A team of researchers at King's College London and Guy's and St Thomas's NHS Foundation Trust developed an approach to improve the care of babies with congenital heart disease by creating a 3D model of their hearts while inside the womb.
In the UK, eight in every 1,000 babies are born with congenital heart disease. To improve the care given to these babies, researchers at King’s College London and Guy’s and St Thomas’s NHS Foundation Trust are using 3D imaging.
The researchers’ work involves producing “unprecedented” images of a baby’s heart while it is in the womb. To do this, the team took MRI scans of pregnant women and used the data to build 3D models of the babies’ hearts, which can then be 3D printed.
Professor Reza Razavi is a consultant pediatric cardiologist whose daughter was born with congenital heart disease. Due to this, he was inspired to improve how birth defects were diagnosed.
“We thought we were going to lose her, that was a strong motivator,” he told the BBC. “We should be able to pick up the problem in the womb.”
The 3D images are “beautiful”, says Razavi. The team at King’s College London and Guy’s and St Thomas’s say this technology will improve care and that more hospitals should adopt it.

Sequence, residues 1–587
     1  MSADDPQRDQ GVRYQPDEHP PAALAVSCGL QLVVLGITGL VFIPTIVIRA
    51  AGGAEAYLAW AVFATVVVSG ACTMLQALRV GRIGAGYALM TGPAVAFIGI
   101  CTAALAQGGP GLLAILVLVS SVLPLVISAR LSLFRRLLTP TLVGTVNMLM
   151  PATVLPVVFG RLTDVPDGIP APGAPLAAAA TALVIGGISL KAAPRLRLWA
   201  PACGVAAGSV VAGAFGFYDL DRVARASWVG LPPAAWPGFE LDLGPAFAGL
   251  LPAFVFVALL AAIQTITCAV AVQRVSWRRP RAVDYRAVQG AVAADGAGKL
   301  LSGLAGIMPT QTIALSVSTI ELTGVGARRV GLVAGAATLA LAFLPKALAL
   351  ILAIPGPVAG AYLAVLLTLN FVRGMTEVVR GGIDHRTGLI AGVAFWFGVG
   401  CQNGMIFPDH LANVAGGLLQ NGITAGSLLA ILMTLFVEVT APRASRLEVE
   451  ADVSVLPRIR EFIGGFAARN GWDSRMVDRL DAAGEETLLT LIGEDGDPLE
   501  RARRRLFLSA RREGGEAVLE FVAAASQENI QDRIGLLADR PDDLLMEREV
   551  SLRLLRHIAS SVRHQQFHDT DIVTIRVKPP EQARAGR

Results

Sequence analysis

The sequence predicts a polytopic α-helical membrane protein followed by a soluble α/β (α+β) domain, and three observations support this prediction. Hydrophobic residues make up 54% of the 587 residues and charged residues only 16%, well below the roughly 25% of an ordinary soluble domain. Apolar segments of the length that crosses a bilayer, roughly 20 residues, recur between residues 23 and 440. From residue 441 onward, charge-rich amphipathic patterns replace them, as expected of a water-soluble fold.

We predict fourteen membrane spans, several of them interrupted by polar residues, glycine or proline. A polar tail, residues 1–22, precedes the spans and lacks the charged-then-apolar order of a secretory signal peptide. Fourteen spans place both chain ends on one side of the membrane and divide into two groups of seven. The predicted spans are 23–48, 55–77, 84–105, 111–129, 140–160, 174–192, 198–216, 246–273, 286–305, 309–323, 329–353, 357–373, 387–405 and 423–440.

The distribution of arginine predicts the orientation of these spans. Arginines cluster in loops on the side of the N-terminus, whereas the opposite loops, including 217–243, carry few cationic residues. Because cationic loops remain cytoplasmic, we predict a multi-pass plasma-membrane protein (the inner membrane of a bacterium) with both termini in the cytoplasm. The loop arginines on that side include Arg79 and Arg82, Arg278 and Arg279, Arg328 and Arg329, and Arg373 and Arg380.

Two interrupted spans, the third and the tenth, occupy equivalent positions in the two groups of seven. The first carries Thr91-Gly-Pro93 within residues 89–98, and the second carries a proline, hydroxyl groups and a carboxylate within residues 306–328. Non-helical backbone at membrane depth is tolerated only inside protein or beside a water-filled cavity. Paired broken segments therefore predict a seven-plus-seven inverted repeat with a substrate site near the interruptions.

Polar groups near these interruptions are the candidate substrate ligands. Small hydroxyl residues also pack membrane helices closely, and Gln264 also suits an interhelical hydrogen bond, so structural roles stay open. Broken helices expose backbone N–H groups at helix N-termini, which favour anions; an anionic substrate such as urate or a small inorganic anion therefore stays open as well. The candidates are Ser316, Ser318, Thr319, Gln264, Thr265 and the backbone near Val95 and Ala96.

“We can have complete certainty and plan ahead what treatment is needed, what’s the operation we need to do,” said Razavi of the approach. “It really helps the parents to have the right support to know what’s going to happen. But it also really helps the babies because they get the right operation at the right time and have the best outcomes.”
The researchers published their work in the Lancet, a peer-reviewed journal, which shows that the procedure worked on 85 women.
Congenital heart diseases may be caused by medicines, family history, or infections. But, this computer software process will enable doctors to see the problems or abnormalities they’re faced with clearly.
It’s hoped by the researchers that this new approach will become standard practice for cardiology teams and, as many hospitals already have MRI machines, it should be easy to adopt. The only new equipment needed is a computer and a good graphics card.
In theory, it may be possible for expectant mothers to take home their scan data and 3D print their own baby model too.
For more on 3D printing and innovations in medicine, check out these stories:
License: The text of "3D Printing Hearts of Babies with Congenital Heart Disease to Improve Care" by All3DP is licensed under a Creative Commons Attribution 4.0 International License.
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